Friday, September 13, 2013

Rocks and More Rocks!





My father loved rocks.  He was happiest when he was rock hounding or cutting and polishing rocks.  As a child, I did not want to have anything to do with my father's hobby of rocks or rock hounding.  And that was definitely my loss. 

Today I have many cabochons that he cut and polished.  It is why I started designing and making jewelry.  One day I came across Cynthia Tinapple’s information on making rocks and I took her Craftscast class http://www.craftcast.com/class-or-recording-item/166269-making-beach-pebbles-from-polymer-clay.  I've been collecting tips from other polymer artists and I decided that would be my first project for my ‘Polymer Clay Personal Workshop’! 
Before Curing - nature's rocks in center
I can almost hear my father say, ‘You made rocks?  Why?  You can just go out and pick them up!”  I guess my answer would be, ‘Because I can!’   I remember him being astounded that I bought large rocks for my yard in Tucson.  His comment as he shook his head, “Why would you spend money on rocks when that’s all there is around here? “  He was looking at the Catalina Mountains when he said that!
Before curing - look at the color change with the after
·      Things I learned while making rocks:

It helps to have a real rock to look at!   I was surprised how little I really remembered about the details until I looked at the rock I was going to mimic.

 Get spices that you like to smell!  I bought a paprika blend of spices (good for fish) that smelled great as I mixed them with transparent clay.  The pepper that I used for blackish color made me sneeze! And was not really black.   Experiment with additives.  I did not try sand but it would be great for sandstone!   
                                                                                                                          
Test cure small pieces because the colors will change with the curing.

 Rocks are generally formed in layers so swirls don’t look real!

  It is really fun to look for unusual rocks.  Some don’t look real but are!

 Mix your polymer rocks with real ones to see how they blend.  Good clue as to how good you are  getting!

 One can get lost in rock making...and forget time.

People looked at me a little strangely when I told them I was making rocks.  But then I realized they weren't all that surprised!

My Rocks and Nature's Rocks combined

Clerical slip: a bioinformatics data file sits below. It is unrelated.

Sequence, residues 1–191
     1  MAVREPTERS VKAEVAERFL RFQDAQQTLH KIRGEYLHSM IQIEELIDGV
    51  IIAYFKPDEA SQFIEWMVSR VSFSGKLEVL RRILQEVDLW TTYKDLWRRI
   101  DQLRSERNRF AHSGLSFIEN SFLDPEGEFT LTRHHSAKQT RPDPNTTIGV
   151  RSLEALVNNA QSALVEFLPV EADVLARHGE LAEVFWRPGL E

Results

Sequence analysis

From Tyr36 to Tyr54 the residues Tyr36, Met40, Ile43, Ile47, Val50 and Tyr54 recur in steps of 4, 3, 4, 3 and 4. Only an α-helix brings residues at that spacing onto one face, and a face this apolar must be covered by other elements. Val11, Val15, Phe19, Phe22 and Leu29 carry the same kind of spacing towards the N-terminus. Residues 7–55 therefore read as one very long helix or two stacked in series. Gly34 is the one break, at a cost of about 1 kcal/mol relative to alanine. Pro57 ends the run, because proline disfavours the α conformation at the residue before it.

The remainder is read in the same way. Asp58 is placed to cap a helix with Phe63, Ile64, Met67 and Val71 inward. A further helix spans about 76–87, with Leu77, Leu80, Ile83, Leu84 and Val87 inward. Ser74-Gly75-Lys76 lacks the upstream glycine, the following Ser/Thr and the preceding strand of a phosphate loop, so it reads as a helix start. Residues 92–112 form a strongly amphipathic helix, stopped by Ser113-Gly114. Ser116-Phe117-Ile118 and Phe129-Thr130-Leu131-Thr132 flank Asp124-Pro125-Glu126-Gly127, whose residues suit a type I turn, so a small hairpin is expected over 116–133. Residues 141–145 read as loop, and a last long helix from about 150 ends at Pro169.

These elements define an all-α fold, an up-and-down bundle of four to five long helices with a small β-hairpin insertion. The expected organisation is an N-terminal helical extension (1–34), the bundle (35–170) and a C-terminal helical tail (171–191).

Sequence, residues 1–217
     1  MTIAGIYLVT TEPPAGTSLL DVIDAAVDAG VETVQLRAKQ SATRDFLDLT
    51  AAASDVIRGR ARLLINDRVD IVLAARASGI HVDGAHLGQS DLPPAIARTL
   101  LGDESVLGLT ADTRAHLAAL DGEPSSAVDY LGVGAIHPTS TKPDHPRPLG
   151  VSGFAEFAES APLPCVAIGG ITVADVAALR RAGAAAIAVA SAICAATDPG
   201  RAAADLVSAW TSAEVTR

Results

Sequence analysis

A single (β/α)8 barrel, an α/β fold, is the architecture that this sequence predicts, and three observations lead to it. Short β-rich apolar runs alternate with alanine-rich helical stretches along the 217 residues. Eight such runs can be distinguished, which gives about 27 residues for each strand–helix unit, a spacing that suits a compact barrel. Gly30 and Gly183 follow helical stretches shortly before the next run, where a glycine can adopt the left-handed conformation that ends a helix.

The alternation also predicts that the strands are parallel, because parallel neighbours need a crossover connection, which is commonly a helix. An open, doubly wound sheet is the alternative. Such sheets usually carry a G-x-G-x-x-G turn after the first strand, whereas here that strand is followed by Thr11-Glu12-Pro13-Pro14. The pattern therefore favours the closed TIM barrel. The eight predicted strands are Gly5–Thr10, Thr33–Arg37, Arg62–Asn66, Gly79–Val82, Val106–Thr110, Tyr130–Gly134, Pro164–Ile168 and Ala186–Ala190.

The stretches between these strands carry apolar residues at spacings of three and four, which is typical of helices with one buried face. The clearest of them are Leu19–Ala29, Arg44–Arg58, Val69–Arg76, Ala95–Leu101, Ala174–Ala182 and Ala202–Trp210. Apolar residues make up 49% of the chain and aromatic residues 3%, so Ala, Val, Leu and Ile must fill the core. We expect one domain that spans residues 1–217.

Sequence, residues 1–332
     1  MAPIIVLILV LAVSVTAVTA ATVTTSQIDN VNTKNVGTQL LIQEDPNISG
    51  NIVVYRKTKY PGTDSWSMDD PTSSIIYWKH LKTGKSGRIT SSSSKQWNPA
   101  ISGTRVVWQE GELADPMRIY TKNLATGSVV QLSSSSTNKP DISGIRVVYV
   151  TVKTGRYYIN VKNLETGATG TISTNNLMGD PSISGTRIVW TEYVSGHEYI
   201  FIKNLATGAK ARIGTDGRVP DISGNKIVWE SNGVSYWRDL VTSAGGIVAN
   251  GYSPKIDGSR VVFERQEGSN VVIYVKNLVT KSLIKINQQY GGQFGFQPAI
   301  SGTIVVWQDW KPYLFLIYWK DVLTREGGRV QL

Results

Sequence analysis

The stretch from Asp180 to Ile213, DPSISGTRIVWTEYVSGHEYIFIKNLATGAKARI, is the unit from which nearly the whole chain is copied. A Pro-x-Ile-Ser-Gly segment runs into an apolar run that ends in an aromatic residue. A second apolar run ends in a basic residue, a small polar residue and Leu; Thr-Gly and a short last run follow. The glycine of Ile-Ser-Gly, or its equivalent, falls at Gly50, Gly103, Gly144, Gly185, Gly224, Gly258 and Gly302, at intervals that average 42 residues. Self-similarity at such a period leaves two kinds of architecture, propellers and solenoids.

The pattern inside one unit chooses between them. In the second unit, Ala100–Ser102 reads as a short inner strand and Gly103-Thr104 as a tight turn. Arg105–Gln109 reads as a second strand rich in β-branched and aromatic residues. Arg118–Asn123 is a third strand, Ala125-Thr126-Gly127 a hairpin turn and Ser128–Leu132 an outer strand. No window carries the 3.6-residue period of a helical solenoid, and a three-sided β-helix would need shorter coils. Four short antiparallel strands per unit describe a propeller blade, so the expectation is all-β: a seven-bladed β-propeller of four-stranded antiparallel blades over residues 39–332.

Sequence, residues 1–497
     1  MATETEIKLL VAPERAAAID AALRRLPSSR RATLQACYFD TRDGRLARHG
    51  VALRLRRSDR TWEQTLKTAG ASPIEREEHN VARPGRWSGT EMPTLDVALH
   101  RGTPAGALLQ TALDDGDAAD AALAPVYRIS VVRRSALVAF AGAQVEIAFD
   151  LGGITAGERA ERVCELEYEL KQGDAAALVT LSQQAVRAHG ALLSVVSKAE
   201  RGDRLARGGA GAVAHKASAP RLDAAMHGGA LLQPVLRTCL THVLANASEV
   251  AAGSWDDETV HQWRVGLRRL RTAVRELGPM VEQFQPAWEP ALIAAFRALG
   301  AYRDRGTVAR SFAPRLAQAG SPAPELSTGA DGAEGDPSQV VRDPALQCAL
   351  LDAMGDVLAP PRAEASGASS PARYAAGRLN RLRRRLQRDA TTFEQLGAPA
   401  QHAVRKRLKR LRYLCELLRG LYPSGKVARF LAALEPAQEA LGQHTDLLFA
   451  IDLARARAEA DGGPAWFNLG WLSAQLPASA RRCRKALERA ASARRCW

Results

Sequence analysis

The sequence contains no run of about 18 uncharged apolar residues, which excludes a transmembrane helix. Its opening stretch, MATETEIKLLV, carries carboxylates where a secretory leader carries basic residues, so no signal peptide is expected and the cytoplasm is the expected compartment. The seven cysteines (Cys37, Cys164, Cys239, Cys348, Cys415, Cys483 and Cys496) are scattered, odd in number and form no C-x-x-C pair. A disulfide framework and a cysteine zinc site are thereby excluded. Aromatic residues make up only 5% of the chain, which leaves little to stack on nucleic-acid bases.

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Friday, September 13, 2013

Rocks and More Rocks!





My father loved rocks.  He was happiest when he was rock hounding or cutting and polishing rocks.  As a child, I did not want to have anything to do with my father's hobby of rocks or rock hounding.  And that was definitely my loss. 

Today I have many cabochons that he cut and polished.  It is why I started designing and making jewelry.  One day I came across Cynthia Tinapple’s information on making rocks and I took her Craftscast class http://www.craftcast.com/class-or-recording-item/166269-making-beach-pebbles-from-polymer-clay.  I've been collecting tips from other polymer artists and I decided that would be my first project for my ‘Polymer Clay Personal Workshop’! 
Before Curing - nature's rocks in center
I can almost hear my father say, ‘You made rocks?  Why?  You can just go out and pick them up!”  I guess my answer would be, ‘Because I can!’   I remember him being astounded that I bought large rocks for my yard in Tucson.  His comment as he shook his head, “Why would you spend money on rocks when that’s all there is around here? “  He was looking at the Catalina Mountains when he said that!
Before curing - look at the color change with the after
·      Things I learned while making rocks:

It helps to have a real rock to look at!   I was surprised how little I really remembered about the details until I looked at the rock I was going to mimic.

 Get spices that you like to smell!  I bought a paprika blend of spices (good for fish) that smelled great as I mixed them with transparent clay.  The pepper that I used for blackish color made me sneeze! And was not really black.   Experiment with additives.  I did not try sand but it would be great for sandstone!   
                                                                                                                          
Test cure small pieces because the colors will change with the curing.

 Rocks are generally formed in layers so swirls don’t look real!

  It is really fun to look for unusual rocks.  Some don’t look real but are!

 Mix your polymer rocks with real ones to see how they blend.  Good clue as to how good you are  getting!

 One can get lost in rock making...and forget time.

People looked at me a little strangely when I told them I was making rocks.  But then I realized they weren't all that surprised!

My Rocks and Nature's Rocks combined

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Post a Comment